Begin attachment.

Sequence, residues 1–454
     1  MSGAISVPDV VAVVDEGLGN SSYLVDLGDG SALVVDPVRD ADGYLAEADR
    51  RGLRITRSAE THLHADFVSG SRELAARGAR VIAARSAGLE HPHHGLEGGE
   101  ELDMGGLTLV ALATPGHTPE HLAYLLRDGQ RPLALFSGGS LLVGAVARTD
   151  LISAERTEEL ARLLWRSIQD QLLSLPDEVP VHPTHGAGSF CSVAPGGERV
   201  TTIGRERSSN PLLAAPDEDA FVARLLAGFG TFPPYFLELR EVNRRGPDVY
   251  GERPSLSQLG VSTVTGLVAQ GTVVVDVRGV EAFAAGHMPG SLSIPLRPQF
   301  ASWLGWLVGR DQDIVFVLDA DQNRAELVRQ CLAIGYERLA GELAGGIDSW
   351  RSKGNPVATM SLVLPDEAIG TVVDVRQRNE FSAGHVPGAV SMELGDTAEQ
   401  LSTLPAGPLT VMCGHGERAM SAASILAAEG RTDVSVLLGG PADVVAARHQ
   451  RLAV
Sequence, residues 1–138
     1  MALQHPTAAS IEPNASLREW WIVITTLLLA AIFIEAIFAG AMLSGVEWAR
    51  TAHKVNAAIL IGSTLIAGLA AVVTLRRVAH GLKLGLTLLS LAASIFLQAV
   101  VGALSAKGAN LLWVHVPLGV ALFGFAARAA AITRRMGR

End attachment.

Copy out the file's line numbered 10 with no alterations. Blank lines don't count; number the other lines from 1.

   401  LSTLPAGPLT VMCGHGERAM SAASILAAEG RTDVSVLLGG PADVVAARHQ